Although the term “covenant” is by no means omnipresent, and is especially scarce in the writings of the rabbis, this is attributed to its status as a matter of course; “the covenant was presupposed, and the Rabbinic discussions were largely directed toward the question of how to fulfill the covenantal obligations” (italics original; p. 421).
Sanders begins his comparatively brief treatment of Paul with an acknowledgment of the relevant sources—the seven letters which are generally classified as authentic, although the brief Letter to Philemon provides little grist for the religious mill—and a recognition of the “two readily identifiable and primary convictions which governed Paul’s Christian life” (p. 441): belief in the salvific lordship of Jesus Christ, whose eschatological reappearance was imminent, and in his own interrelated status as apostle to the Gentiles. Sanders’ emphasis upon imminent eschatology, as opposed to other elements such as justification by faith, is largely drawn from the earlier work of Albert Schweitzer, whose influence also appears in Sanders’ studies of the historical Jesus. The first conviction, that of the lordship of Christ, is clarified with the argument that an analysis of Pauline theology must begin with the apostle’s acceptance of Christ as savior, not with the theological conundrum of an inescapably sinful humanity and the arrival of Christ as solution. While the latter view, heavily dependent upon the organization of the Letter to the Romans (and reminiscent of Luther’s celebrated conscience pangs), was endorsed by Bultmann, Hans Conzelmann, and Gunther Bornkamm, Sanders opines that “[i]t seems likely… that Paul’s thought did not run from plight to solution, but rather from solution to plight… There is no reason to think that Paul felt the need for a universal savior prior to his conviction that Jesus was such” (p. 443). Pauline testimony to the character of the Christian community displays a number of features resonant with the newly defined covenantal nomism, including its assurances of salvation for its members and its requirement of observation of certain regulations, or atonement for disobedience, in order to remain within the elect. In the pithy terms of “getting in and staying in,” Paul holds that all are “out” until they accept Christ as savior, an act which may be represented as justification by faith or unity with Christ. Once “in,” members are required to conduct themselves appropriately, generally in accordance with Jewish ethical strictures. Paul breaks with covenantal nomism, however, in his rejection of the efficacy of the election and his qualified, piecemeal approach to the Law. Sanders dubs his pattern “participationist eschatology,” thus acknowledging his strongly eschatological worldview and his emphasis upon dying with Christ in order to “get in.”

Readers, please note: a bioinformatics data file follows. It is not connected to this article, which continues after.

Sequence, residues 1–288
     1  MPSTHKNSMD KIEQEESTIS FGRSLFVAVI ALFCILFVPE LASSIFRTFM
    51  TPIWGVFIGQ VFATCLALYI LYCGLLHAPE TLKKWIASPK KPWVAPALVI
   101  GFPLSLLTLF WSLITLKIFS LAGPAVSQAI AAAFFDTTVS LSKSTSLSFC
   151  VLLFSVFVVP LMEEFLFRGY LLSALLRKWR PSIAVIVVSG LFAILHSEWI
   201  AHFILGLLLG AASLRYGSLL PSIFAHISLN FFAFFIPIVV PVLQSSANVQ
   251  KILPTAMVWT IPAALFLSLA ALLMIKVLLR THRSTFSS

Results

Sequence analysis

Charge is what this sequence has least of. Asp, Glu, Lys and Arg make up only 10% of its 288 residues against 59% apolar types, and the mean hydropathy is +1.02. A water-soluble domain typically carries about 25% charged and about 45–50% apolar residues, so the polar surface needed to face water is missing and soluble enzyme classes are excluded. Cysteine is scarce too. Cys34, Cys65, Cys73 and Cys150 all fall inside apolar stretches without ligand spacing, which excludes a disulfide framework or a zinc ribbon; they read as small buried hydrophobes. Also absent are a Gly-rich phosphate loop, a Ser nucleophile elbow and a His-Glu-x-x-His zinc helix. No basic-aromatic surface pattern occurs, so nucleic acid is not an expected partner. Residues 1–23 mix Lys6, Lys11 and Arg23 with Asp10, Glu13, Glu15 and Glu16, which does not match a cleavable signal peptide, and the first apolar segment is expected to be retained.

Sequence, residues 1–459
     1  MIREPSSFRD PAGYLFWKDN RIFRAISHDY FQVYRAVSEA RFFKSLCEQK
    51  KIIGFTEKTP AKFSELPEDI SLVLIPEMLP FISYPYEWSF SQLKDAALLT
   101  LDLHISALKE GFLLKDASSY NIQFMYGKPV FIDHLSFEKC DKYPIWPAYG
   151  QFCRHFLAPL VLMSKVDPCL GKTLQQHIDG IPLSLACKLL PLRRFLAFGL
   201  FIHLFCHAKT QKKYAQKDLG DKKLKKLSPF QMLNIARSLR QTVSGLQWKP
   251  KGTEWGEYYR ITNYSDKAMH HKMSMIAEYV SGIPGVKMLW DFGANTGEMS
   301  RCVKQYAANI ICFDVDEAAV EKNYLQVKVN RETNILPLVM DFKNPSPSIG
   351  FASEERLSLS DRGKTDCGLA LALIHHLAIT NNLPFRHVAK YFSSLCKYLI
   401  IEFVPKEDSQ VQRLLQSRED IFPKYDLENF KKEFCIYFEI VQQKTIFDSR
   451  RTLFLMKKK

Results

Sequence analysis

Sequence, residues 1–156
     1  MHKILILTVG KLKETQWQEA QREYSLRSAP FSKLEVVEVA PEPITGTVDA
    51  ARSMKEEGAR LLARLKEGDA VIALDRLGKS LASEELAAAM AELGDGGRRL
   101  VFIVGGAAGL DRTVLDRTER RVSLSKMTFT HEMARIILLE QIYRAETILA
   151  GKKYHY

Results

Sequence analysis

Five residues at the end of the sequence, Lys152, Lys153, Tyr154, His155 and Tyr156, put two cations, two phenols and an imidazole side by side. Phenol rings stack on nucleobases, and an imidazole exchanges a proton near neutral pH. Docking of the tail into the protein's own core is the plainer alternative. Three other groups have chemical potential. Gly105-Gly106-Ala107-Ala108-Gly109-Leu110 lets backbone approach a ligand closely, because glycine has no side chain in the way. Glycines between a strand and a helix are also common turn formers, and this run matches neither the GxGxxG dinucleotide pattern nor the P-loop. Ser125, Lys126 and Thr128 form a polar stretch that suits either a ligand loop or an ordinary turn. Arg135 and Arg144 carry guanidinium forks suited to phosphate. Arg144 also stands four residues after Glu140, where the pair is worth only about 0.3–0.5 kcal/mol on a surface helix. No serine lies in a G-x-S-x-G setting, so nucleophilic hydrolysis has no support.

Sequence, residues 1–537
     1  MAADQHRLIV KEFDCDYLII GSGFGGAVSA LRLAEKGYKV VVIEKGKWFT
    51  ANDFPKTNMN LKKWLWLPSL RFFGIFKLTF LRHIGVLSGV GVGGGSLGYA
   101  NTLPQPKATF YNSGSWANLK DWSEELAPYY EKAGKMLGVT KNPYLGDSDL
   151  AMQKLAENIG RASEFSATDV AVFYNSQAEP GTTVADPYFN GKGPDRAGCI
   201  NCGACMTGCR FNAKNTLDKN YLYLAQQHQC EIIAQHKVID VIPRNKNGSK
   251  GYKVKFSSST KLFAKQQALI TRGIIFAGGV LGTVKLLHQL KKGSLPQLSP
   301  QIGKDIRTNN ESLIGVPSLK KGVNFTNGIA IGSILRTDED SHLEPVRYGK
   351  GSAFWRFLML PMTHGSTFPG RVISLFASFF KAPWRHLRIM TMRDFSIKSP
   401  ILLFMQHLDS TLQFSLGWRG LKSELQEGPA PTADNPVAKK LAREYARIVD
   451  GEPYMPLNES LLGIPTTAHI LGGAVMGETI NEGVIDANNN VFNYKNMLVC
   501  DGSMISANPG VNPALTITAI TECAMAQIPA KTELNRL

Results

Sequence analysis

Like many challenging and groundbreaking assessments, Sanders’ arguments received both lavish praise and vociferous criticism—and in a monograph of this breadth and magnitude, both are undoubtedly appropriate. As Best has noted, “After Paul and Palestinian Judaism, it should never again be possible to represent the view of first-century Judaism on a particular subject merely by citing the rabbinic passages mentioned at the appropriate spot in Strack-Billerbeck” (Best 1982: 71). But while Sanders must be commended for his leading role in the scholarly community’s radical reconsideration of its view of Judaism, his work did not emerge in a vacuum. He himself acknowledges that a number of previous commentators, including G.F. Moore, Samuel Sandmel, Krister Stendhal, and W.D. Davies, had developed and published similar ideas. Furthermore, his manipulation of the sources is occasionally questionable. It is extremely convenient that texts such as the Wisdom of Ben Sira and 4 Ezra (2 Esdras) are deemed to be irrespective of normative Judaism during this period, as their contents do not especially support his conclusions. The lack of a “treasury of merits” in the extant literature indicates that it was not relevant or applicable to its authors; the similar lack of references to the covenant, however, indicates that it was an absolutely ubiquitous concept (Best 1982: 73). Despite his repeated protestations against the polemical categorizations of traditional German scholarship, Jacob Neusner has accused him of employing a “Pauline-Lutheran theology” in his exegesis. The extensive treatment of the Mishnah, an anthology which was not codified before 200 CE, has incited questions of anachronism regarding its correspondence to Paul—although Sanders has responded that, as he was not engaged in a search for the sources of Pauline thought, such questions are unwarranted (Sanders 2004: 17). Finally, this ambitious comparative project does not significantly address the texts which are most precious to the rabbis and to Paul, and therefore could potentially provide a wealth of material for objective comparison: those of the Hebrew Bible/Old Testament. Best is quick to point out that the index contains just two passages of citations of these texts, as opposed to more than twenty pages devoted to other Jewish and early Christian writings. Nevertheless, any legitimate consideration of recent developments in Pauline studies must include a full engagement with this seminal work.